CFA pleased to see progress on agri-food immigration pilot

The Canadian Federation of Agriculture
July 19, 2019
By The Canadian Federation of Agriculture
The Canadian Federation of Agriculture (CFA) was pleased to see the recent announcement by Immigration, Refugees and Citizenship Canada (IRCC) which detailed new pathways to permanent residency for temporary foreign workers in the agri-food industry.

Starting in 2020 a three-year immigration experiment will begin, where temporary foreign workers will be able to apply for permanent residency after accumulating 12 months of Canadian work experience and, if approved, will also be allowed to bring their families into Canada.

CFA has specifically communicated to government officials the critical importance of increasing pathways to permanent residency for farm workers and other rural occupations since 2014.

The Canadian agriculture sector has been facing labour shortages for many years, with a 2019 report from the Canadian Agricultural Human Resource Council finding these shortages resulted in annual lost sales of $2.9 billion for primary agriculture alone. The same report forecasts continued growth in the sector's labour needs, resulting in a potential labour gap of 123,000 by 2029, equivalent to 32 per cent of labour demand for that year.

"Canadian agriculture has been identified as a sector with a huge potential growth from studies like the Barton Report and the Agri-Food Economic Strategy Table," said Mary Robinson, CFA president. "But this growth will not be achieved if we cannot meet our labour demands. Pilots such as this show the government is recognizing the problem and taking real steps to address it. Canadian agriculture is a foundational industry, and any growth that it experiences moves up the value chain, creating further growth in related industries such as transportation and food processing. That's why we are pleased to see a comprehensive pilot addressing the needs of both primary agriculture and the Canadian food processing industry. With access to skilled labour when we need it, Canadian agriculture can meet its potential and flourish."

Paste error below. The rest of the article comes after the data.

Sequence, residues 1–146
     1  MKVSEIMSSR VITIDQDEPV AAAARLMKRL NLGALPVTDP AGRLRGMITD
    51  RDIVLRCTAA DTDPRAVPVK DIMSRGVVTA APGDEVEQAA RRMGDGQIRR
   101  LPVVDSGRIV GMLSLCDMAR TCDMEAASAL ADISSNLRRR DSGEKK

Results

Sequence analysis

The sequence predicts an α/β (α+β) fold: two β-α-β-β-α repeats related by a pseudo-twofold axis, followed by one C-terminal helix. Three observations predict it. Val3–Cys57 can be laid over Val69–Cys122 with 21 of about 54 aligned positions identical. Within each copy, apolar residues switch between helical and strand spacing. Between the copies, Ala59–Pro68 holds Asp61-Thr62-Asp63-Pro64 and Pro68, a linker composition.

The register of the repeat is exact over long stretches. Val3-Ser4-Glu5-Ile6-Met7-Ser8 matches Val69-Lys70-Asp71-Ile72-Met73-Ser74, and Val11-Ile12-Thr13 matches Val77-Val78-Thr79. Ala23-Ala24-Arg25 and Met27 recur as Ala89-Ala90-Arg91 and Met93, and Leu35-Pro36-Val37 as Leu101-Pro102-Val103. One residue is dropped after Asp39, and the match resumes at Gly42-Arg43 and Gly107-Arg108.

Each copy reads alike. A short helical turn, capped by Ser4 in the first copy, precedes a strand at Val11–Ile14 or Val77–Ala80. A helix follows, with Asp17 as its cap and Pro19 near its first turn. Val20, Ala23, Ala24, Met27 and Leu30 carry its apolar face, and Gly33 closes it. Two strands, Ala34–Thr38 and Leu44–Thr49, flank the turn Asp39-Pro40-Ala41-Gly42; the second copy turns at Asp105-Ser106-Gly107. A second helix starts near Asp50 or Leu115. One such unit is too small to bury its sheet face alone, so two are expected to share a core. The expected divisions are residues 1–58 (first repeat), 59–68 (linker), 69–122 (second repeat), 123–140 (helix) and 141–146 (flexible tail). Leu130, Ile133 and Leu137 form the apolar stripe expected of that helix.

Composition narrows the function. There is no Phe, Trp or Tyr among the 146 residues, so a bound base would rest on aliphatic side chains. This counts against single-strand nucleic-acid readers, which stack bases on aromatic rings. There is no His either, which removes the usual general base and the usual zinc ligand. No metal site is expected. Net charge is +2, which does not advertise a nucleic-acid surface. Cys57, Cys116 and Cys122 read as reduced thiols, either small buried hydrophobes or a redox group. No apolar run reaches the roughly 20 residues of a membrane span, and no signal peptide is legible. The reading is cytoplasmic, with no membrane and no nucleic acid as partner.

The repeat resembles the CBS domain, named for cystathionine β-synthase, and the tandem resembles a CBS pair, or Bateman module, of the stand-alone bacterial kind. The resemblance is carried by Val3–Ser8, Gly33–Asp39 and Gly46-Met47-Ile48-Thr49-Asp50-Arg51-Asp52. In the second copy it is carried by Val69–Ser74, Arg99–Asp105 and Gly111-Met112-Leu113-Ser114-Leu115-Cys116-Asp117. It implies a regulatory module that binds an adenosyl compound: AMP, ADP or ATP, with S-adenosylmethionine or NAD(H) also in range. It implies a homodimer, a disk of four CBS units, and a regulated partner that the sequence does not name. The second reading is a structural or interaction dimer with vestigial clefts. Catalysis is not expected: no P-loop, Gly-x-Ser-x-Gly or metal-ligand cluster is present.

Canadian farmers across this country believe this pilot demonstrates a clear recognition of the economic importance of rural Canada and the enabling role that immigration can play in leveraging its immense potential for inclusive growth and prosperity, through key sectors like Canadian agriculture.

CFA is pleased to see a collaborative approach to this pilot, with Immigration, Refugees and Citizenship Canada (IRCC) and Employment and Social Development Canada (ESDC) making critical changes to address existing constraints in both immigration policy and the Temporary Foreign Worker Program.

CFA looks forward to continue its work with the Government of Canada in assessing how the pilot is responding to latent demand for permanent residency throughout the sector, recognizing that this pilot is a first step that will need to evolve as farmers realize these new opportunities and look to address year-round vacancies through this exciting new pathway to permanent residency.

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